This time last year, G.J. Kinne was the Eagles’ fifth-team quarterback.
Not a promising place to be.
Kinne knew he was no more than a camp body. He was so low on the quarterback totem pole he even took reps on special teams.
Not a promising place to be at all.
Kinne was mired behind Michael Vick, Nick Foles, Matt Barkley and Dennis Dixon on the depth chart. He threw two passes in four preseason games.
He had zero chance to make the roster.
This year? Different situation, different quarterback hierarchy, different guy.
Don’t be stunned if Kinne, who threw for nearly 10,000 yards and ran for nearly 1,400 at Tulsa, makes a run at a roster spot this summer.
“Nick’s the guy, but I definitely feel like there’s open competition after that this year, and I love that,” Kinne said.
“Preseason is where I hopefully I can separate myself from the other guys. We have a lot of great quarterbacks, and I’m just trying to fit in somewhere and make some plays.”
Kinne, 25, was in Jets camp as a rookie, before stints in the UFL and Arena League, then spent training camp with the Eagles last year.
He was released on Aug. 30 but after Vick suffered his concussion, he rejoined the Eagles on the practice squad for the last nine weeks of the season.
Kinne is big enough at 6-foot-2, 235 pounds that he was recruited by Division I schools as a linebacker, he’s a talented enough runner that he led Tulsa in rushing as a senior, and he’s a capable enough passer that he had 81 touchdowns and 32 interceptions in three college seasons.
When you look at the Eagles’ quarterbacks, all that’s really set is that Foles is the starter.
Beyond that? Mark Sanchez will likely be No. 2 and Matt Barkley will likely be No. 3.
But nothing is certain, and Kinne feels that unlike last year, he has a realistic chance to climb that depth chart.
“I really do,” he said. “Last year, I was just trying to survive. We had Dennis here, I was the fifth guy, I was doing special teams stuff, it was my first training camp.”
Kinne admits that the change in quarterback coaches — from Bill Lazor to Bill Musgrave — has helped.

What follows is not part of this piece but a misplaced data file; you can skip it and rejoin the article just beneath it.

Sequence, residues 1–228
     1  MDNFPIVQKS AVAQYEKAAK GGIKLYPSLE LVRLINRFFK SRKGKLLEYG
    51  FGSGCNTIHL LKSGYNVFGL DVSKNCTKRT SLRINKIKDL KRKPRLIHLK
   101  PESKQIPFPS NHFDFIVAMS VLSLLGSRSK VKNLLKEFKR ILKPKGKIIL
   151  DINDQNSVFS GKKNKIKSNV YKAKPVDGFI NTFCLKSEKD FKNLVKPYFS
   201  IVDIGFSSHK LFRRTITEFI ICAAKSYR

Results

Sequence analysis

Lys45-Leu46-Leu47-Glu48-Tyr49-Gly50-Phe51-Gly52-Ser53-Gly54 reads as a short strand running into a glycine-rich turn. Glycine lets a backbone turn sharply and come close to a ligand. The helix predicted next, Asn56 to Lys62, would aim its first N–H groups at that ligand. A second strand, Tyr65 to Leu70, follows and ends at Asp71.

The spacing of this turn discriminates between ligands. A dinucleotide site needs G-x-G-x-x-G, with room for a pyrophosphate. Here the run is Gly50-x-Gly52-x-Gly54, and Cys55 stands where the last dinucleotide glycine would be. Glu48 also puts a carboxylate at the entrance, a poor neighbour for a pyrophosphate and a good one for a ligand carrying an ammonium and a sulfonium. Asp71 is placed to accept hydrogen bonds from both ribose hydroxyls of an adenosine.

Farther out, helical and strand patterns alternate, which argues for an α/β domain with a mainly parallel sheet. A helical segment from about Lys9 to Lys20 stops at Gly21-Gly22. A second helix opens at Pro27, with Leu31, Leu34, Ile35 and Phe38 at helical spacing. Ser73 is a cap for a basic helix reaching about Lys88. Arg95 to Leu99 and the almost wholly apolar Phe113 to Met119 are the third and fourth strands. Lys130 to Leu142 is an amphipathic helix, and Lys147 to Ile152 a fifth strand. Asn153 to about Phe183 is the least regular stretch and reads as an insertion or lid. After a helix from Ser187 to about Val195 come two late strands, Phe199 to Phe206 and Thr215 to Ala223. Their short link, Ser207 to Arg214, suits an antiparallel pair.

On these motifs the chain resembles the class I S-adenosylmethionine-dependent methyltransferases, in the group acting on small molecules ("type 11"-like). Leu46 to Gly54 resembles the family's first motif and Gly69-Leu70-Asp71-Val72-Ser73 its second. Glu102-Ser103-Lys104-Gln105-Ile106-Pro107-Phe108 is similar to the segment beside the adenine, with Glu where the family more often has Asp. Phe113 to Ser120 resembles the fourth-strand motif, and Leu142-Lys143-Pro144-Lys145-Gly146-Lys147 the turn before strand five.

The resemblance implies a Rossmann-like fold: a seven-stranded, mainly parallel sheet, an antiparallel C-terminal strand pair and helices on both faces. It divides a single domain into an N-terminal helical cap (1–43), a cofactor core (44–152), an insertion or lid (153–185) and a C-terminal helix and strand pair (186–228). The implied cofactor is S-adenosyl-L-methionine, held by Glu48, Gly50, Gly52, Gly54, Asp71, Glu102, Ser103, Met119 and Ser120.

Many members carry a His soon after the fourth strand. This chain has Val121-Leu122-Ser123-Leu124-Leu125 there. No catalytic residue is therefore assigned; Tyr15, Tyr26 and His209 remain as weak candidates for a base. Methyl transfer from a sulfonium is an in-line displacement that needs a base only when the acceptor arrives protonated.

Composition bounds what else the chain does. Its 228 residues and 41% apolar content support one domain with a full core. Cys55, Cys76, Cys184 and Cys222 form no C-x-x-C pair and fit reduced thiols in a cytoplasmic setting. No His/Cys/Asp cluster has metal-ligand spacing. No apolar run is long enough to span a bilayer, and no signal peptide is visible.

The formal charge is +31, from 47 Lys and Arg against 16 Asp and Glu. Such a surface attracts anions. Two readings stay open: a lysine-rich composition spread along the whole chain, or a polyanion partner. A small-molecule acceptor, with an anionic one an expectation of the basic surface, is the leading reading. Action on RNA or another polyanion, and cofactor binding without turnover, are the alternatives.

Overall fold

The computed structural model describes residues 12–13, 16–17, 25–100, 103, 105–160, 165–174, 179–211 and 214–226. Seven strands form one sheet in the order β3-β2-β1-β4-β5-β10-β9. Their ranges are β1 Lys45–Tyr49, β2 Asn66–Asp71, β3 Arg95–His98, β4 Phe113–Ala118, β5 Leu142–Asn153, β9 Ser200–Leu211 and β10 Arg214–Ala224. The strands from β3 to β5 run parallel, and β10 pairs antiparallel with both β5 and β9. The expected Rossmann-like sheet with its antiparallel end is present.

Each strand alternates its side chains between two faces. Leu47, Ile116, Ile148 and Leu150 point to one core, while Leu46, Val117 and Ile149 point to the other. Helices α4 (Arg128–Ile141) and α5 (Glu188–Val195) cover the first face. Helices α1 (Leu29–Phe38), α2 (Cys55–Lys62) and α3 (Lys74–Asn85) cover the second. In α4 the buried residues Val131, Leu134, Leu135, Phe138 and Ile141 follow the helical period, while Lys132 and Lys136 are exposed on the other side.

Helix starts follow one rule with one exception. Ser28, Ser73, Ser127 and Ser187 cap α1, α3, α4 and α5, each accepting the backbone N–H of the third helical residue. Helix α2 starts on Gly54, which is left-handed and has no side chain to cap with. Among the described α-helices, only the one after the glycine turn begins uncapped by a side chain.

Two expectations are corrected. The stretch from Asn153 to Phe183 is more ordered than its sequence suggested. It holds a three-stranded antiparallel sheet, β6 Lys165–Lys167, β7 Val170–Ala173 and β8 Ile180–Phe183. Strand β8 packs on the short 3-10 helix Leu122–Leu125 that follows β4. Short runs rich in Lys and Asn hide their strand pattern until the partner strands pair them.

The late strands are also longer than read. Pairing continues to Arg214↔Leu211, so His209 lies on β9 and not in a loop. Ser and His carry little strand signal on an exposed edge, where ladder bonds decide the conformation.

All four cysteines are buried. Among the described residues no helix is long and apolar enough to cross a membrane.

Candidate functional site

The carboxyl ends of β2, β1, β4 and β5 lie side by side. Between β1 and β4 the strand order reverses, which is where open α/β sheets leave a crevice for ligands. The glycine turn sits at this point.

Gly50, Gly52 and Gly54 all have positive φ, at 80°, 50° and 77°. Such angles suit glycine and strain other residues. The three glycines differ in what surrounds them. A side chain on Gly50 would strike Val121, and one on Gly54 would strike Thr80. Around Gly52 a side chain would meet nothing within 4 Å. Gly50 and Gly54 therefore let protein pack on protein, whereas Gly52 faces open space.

“This year, feel a lot more comfortable,” he said. “Even the quarterback coach, hate to say this, but he’s involving me more in the meetings and [answering] questions, all that kind of stuff, so it feels really good.
“Just trying to make the most of the opportunity because they don’t come very often in this league.”
We could all see the difference in Kinne back in spring minicamps. He was delivering the football more accurately and with more authority.
Kinne has always been able to take off and run, but this offseason his understanding of the offense progressed to the point where he’s not running unless he has to.
At some point since the end of last year, he started to look like a legit NFL quarterback.
“He’s more settled down,” receiver Damaris Johnson, who was one of Kinne’s favorite targets at Tulsa and remains so with the Eagles, said.
“Coming in last year, he had a lot of things being thrown his way, like a lot of guys in their first year. He’s a lot more comfortable and it shows.
“I know what he can do, and everybody out here is starting to realize what he can do. I’m sure he’s surprising people who haven’t seen him play, because he’s gotten limited reps, but when he comes in he makes plays and he wows people.
“I’ve seen it for the last four or five years and now everybody’s seeing it.”
Kinne said he feels like a different guy in Year 2 under Kelly.
“Last year, I was just trying to learn all the plays and this year working on the craft within the plays, and it makes you feel a lot more comfortable,” he said.
“Instead of going 1-2 run, it’s 1-2-3-4 and getting through all my progressions, and I think that’s what Chip wants to see from me, going through all my progressions. Because he knows I can run, he knows I’ve got the athletic part, just being able to go through my progressions is big for me.”
Along with guys like Ty and Koy Detmer, Graham Harrell, Colt McCoy, Riley Dodge and Johnny Manziel, Kinne is one of the all-time great Texas high school quarterbacks.
He ranks fifth in Texas history with 11,762 career passing yards and fourth with 133 career touchdowns.
Eight years after he finished his high school career, he’s trying to establish an NFL career.
“Obviously, Nick’s the starter, but G.J. is a very, very dynamic player,” Riley Cooper said. “He’s very athletic, he knows the offense, he can run the offense, he has a very strong arm, he’s a very smart kid, makes great decisions. I’m excited to see him throughout the camp.
“Last year everything was so new. You have so many moving parts, especially as a quarterback, and you have to be able to react, and his decision-making is light years ahead of where it was last year.
“G.J. is gifted in all the physical aspects, but now his decision making is catching up to that, and he’s putting it all together and he looks great.”
Last year, it was a given that Vick, Foles and Barkley would make the team. Kelly said there was competition among the quarterbacks, but Kinne realistically didn’t have a shot.
He believes this year he does.
“There’s no doubt,” he said. “I feel like besides Nick, it’s open competition. The reps might not indicate that, but don’t count the reps. Just make sure the ones you get count, and that’s what I’m focusing on.”